Now, I’ve described quite a few isolated dinosaur bones in my time. And I’ve been involved in some pretty hectic media whirlwindy events (‘Angloposeidon’, aka ‘Europe’s largest sauropod’, was huge news: see here, as was Eotyrannus). But I’ve never been associated with any PR exercise that was as well orchestrated and successful as the event that surrounded Xenoposeidon. I have lots of thoughts about what an outstanding success the entire media campaign was, but for those you’ll have to check SV-POW!
After all that, does it seem at all anticlimactic to return to frogs? No, it does not: right now I find anurans pretty much among the most fantastic and amazing beasts in existence, I love writing about them, and I wish I knew more about them. Having said that, I’m keen to get through what I’ve started and, now that we’re deep into the ‘last’ of the major anuran clades – Ranoidea – we only have a few groups to go before it’s all over. The problem is… these ‘few groups’ includes tens of particularly interesting lineages, and hundreds of species distributed worldwide. Running frogs, the incredible hairy frog, the Asian flying frogs, the immense Goliath frog and South African bullfrog, the Madagascan mantellas, the Andean backpack frogs, the ultrasonic cascade frogs, Congolese fishing frogs, plant-eating frogs…
Here’s what we’re gonna do. In the previous article, we got through the microhylids and also started to go through the afrobatrachians, a recently recognised assemblage of African ranoids that includes the reed and lily frogs (hyperoliids), the squeakers (arthroleptids), the pig-nosed or shovel-nosed frogs (hemisotids or hemisotines), and the short-headed or rain frogs (brevicipitines or brevicipitids). Hemisotids and brevicipitids (united as the – deep breath – xenosyneunitanurans*) were dealt with last time, so here we look at their sister-taxon: Laurentobatrachia Frost et al., 2006, the clade that includes the hyperoliids and the squeakers. The name Laurentobatrachia honours herpetologist Raymond L. Laurent.
* Believe it or don’t I’ve committed this name to memory.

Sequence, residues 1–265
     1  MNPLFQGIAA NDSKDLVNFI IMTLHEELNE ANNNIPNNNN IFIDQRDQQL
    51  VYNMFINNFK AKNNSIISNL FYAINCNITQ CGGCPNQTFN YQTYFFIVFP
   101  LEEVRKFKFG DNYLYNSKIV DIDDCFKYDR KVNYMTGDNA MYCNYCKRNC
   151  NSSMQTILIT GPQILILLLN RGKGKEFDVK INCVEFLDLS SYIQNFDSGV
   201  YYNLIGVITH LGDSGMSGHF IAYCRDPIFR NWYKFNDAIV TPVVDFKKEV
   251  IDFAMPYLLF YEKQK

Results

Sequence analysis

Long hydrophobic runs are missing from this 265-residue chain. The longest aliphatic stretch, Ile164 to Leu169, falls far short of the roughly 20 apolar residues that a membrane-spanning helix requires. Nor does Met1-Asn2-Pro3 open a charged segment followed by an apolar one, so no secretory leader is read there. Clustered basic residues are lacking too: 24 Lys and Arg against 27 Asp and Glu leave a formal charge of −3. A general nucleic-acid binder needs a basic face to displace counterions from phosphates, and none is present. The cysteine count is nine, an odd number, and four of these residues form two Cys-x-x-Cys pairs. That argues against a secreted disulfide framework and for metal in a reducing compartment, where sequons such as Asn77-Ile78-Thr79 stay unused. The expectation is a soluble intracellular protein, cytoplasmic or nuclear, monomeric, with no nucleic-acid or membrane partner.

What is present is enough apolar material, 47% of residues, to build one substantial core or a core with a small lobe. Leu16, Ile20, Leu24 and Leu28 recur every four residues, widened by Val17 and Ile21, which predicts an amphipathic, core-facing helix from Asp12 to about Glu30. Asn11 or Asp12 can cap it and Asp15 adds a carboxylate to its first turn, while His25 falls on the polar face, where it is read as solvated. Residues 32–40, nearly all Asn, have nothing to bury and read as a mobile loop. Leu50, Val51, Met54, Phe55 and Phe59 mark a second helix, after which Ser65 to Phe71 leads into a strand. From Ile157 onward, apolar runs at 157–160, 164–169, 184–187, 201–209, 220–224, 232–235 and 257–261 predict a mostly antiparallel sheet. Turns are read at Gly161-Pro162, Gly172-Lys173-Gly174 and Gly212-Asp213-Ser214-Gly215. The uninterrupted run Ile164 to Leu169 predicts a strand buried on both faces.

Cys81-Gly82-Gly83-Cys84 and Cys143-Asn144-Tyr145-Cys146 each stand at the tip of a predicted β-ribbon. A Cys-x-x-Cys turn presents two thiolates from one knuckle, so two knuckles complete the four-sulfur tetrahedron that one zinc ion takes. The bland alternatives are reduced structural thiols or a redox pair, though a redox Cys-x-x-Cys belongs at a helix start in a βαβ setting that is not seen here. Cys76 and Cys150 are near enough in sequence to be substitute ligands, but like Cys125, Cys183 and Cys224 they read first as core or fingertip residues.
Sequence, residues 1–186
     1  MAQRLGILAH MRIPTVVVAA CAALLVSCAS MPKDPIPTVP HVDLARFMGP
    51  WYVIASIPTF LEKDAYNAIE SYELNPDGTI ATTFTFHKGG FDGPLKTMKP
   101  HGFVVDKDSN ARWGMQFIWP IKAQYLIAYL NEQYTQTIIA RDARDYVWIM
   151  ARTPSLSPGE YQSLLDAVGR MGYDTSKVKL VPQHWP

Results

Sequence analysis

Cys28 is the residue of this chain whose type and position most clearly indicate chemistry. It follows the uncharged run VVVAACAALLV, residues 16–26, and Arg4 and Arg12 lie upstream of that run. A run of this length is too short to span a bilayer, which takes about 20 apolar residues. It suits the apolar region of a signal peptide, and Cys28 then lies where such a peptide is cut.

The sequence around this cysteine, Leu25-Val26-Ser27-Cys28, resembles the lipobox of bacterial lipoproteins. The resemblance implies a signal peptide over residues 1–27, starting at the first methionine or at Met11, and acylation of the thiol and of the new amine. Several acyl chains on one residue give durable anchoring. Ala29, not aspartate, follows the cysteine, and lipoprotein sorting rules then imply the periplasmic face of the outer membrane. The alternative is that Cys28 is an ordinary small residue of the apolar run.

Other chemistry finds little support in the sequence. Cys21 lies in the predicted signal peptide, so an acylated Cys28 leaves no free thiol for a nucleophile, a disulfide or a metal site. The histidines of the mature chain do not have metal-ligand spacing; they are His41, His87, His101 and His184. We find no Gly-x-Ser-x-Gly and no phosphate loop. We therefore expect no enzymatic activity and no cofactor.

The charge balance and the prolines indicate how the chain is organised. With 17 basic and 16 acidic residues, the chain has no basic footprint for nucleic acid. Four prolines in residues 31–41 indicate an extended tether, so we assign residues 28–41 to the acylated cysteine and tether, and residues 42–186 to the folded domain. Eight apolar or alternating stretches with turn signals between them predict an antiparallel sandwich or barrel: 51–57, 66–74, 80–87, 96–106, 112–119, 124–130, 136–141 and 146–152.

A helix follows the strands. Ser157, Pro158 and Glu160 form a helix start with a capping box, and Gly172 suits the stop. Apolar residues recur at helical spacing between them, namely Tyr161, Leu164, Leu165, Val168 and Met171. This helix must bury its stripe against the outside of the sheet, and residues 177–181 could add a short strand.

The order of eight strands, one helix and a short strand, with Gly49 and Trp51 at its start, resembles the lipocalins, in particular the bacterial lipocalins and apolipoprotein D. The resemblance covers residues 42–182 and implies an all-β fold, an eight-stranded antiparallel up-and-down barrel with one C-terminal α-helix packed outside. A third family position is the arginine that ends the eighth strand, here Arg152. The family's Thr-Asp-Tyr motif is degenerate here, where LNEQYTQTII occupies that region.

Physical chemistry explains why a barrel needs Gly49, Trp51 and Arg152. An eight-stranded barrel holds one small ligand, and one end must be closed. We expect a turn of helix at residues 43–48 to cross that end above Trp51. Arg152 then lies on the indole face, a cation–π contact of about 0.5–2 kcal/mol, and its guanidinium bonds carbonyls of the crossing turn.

Reed, sedge and lily frogs, or hyperoliids, are a large group (over 250 species) of mostly arboreal ranoids that climb in vegetation at or near the water’s edge; many are brightly coloured and boldly patterned, and some (like the Marbled rush frog Hyperolius marmoratus) are famous for being polymorphic – that is, individuals within the same species can look radically different, with some being striped, others being speckled, and some being plain [the painting at the top of the article shows this species: it was kindly provided by my good friend Carel Brest van Kampen: blog here, website here]. Some hyperoliids (like the running frog Kassina fusca [shown in image below] from western Africa) are mostly terrestrial and run well, rather than hop. The males of many hyperoliids have particularly large vocal sacs – sometimes larger than the rest of the body when inflated – and the group is also unusual in possessing a disc-shaped gular gland (I don’t know what this is for).
Like the true hyloid treefrogs, hyperoliids possess intercalary elements (for more on these see the treefrog section in the ‘core hyloid’ article). Elsewhere among ranoids, some squeakers have intercalary elements too, so it seems that these structures have evolved convergently several times among neobatrachians, and indeed histological work suggests that hyperoliid and squeaker intercalary elements are not homologous. All hyperoliids have free-living tadpoles, but various methods have been evolved to protect the eggs and/or tadpoles from desiccation and predation. Many arboreal hyperoliids lay gelatinous egg masses on vegetation overhanging water (the tadpoles slide down the vegetation to the water on hatching); the leaf-folding Afrixalus frogs protect their eggs by doing what their name suggests. They might lay their eggs either above or below water, but they do the leaf-folding trick regardless.